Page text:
Like in any organisation, there are a wide variety of views in BIBBA and I can only really defend my own views. Please see my reply to Madasafish for my reasons for selecting the native strain (and it is not because I think it is superior to all others, it is because I believe it is the easiest to improve and maintain in our conditions).I think we might agree on other things if BIBBA was open and honest about their plans. Open mating does not equate to breeding (basic statistics: a sample must represent the population from which it is drawn) - lets not pretend it does. I often feel that BIBBA almost says something I can agree with, but then they go off into Neverland and it all gets lost in "pixie dust" mythology about the black bee being wonderful. The truth is BIBBA should be focussed on improving Amm before trying to convince people that it is perfect.
Never mind all that nonsense about "repeated imports". We are where we are and you can't go pretending we're not. People choose other bees because a) they're better and b) they're available. If you could address either of those points, you might stand a chance of convincing, at least, some people to adopt them. As it is, for the majority of the country, you're talking a foreign language.
Yes. Beekeepers absolutely can improve the performance of their bees but only by adopting improved performance in either the dam or sire (or both). The local mongrel is like the local mut though. However much you improve it, it will always be a mut. It isn't ideal breeding material. I refer you to a BIBBA publication, a translation of a Freidrich Ruttner book called "Breeding techniques and selection for breeding of the honeybee" (1988). Prof Ruttner says a number of things but I will limit myself to just two:
1. "Experience over many years has shown that lasting results can only be obtained by breeding within a pure race, certainly not from breeding with the repeatedly crossed "local bees". (Page 9)
2. "A performance which is not inherited is without significance for the breeder. The essence of breeding is to transmit a certified, above average performance of individual animals to the greatest number of descendants, undiminished and as far as possible enhanced". (Page 8)
This goes back to samples representing the population (for assessment) but also touches on heritability. If you were honest about this being only a stepping stone, I could respect the position more - but when people talk about the "local bee" as though it is in any way comparable to proper breeding stock, I have to laugh! It just isn't! No matter what you say, neither I nor others on this forum will accept it. We are not "Anti BIBBA" as such. We are against the garbage that some Amm enthusiasts on here try to push. Please: stop trying to treat us like idiots. Some of us happen to know more than you think. You are completely wrong about me. I was even a BIBBA member myself (a long time ago) - I know much more than you think so, when you say I should support BIBBA - been there, done that, never again.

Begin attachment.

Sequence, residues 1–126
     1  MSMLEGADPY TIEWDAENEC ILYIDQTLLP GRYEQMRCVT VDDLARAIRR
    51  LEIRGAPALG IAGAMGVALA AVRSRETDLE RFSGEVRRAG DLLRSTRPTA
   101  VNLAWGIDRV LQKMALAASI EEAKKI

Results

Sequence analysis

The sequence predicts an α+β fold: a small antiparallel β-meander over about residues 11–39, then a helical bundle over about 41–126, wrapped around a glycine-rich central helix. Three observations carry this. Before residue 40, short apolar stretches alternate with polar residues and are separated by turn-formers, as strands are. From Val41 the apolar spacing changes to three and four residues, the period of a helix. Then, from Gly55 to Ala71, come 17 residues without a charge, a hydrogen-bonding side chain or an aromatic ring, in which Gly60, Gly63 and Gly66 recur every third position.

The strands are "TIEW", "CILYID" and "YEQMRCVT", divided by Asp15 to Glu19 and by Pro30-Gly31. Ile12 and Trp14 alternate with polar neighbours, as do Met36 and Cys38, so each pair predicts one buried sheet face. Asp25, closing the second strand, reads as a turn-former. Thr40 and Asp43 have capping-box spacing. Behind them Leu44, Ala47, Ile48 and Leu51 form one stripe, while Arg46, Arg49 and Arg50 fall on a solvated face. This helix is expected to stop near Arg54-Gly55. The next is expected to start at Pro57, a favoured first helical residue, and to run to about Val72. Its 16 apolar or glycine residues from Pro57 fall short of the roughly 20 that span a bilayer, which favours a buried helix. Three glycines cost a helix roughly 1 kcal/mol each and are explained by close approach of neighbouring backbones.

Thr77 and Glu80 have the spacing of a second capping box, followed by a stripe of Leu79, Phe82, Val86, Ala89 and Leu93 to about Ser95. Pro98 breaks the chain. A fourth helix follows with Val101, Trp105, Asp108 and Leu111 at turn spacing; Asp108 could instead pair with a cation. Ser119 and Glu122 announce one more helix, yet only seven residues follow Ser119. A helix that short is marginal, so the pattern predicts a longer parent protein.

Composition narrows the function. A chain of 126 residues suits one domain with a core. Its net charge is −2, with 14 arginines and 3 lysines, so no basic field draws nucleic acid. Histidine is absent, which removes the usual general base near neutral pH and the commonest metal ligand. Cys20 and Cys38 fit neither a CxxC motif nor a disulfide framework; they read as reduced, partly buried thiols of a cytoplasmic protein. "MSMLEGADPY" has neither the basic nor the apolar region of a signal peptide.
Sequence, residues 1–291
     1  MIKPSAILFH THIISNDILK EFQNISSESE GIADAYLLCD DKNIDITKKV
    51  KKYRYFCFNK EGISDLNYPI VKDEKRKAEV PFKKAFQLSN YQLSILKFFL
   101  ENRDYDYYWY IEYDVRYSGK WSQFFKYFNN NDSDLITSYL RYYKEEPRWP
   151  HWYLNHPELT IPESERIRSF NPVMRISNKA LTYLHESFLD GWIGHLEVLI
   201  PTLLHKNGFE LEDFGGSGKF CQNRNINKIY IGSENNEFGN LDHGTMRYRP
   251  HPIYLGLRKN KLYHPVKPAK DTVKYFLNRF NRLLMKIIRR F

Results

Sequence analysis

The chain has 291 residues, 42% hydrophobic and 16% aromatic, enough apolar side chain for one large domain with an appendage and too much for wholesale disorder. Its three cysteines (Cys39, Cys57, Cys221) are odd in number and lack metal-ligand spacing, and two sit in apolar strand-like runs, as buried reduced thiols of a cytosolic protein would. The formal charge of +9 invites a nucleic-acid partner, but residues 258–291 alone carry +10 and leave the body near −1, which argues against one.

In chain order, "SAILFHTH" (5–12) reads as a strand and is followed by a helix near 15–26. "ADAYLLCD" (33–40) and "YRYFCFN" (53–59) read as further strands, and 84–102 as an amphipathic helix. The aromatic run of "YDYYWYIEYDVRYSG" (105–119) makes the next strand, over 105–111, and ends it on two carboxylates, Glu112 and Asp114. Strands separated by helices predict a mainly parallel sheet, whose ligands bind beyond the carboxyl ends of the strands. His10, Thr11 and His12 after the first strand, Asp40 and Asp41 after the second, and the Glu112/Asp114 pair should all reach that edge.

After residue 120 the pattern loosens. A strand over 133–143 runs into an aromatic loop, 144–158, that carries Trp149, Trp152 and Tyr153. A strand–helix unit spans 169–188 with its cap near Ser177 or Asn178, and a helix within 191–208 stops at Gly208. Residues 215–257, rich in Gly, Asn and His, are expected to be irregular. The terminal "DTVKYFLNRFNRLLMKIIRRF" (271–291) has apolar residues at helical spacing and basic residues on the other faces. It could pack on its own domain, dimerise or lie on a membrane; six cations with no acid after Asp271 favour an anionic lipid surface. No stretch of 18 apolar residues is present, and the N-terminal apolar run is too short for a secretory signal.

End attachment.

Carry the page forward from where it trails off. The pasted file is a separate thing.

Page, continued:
There are protagonists from both sides on here which has led to some fairly heated discussions.I have to say, as others have found, that this forum is dominated by some very narrow-minded beekeepers who cannot accept that there are other ways of doing things apart from there own way
I can see that we're going to have to just agree to disagree. In my area, the "local bee" is aggressive, unproductive, swarmy and prone to chalkbrood. In short, it has nothing good to say for itself. I would sooner give up beekeeping altogether than adopt that. I've seen what good bees are like and there's no going back.Like in any organisation, there are a wide variety of views in BIBBA and I can only really defend my own views. Please see my reply to Madasafish for my reasons for selecting the native strain (and it is not because I think it is superior to all others, it is because I believe it is the easiest to improve and maintain in our conditions).
You may be aware that I don't claim to do bee breeding. I am an average beekeeper and practice bee improvement which I believe is appropriate for average beekeepers. I don't believe bee breeding alone can give us sustainable answers, although it fits in well with bee improvement, if both are using the same strain. I agree with you bee breeding relies on instrumental insemination or isolated mating apiaries. As most of us do not have these skills/facilities we have to look to other ways to improve or maintain quality. I rely on the open mating of my queens where as much as possible there is one strain of bee in the area and the colonies in that area are of a certain standard. Not as controlled as bee breeding, of course, but fair results can be achieved and genetic diversity within the population maintained.
I have to say, as others have found, that this forum is dominated by some very narrow-minded beekeepers who cannot accept that there are other ways of doing things apart from there own way. I am very happy to bow out gracefully and make no more contributions but I keep being drawn in by remarks that I know are a long way wide of the mark.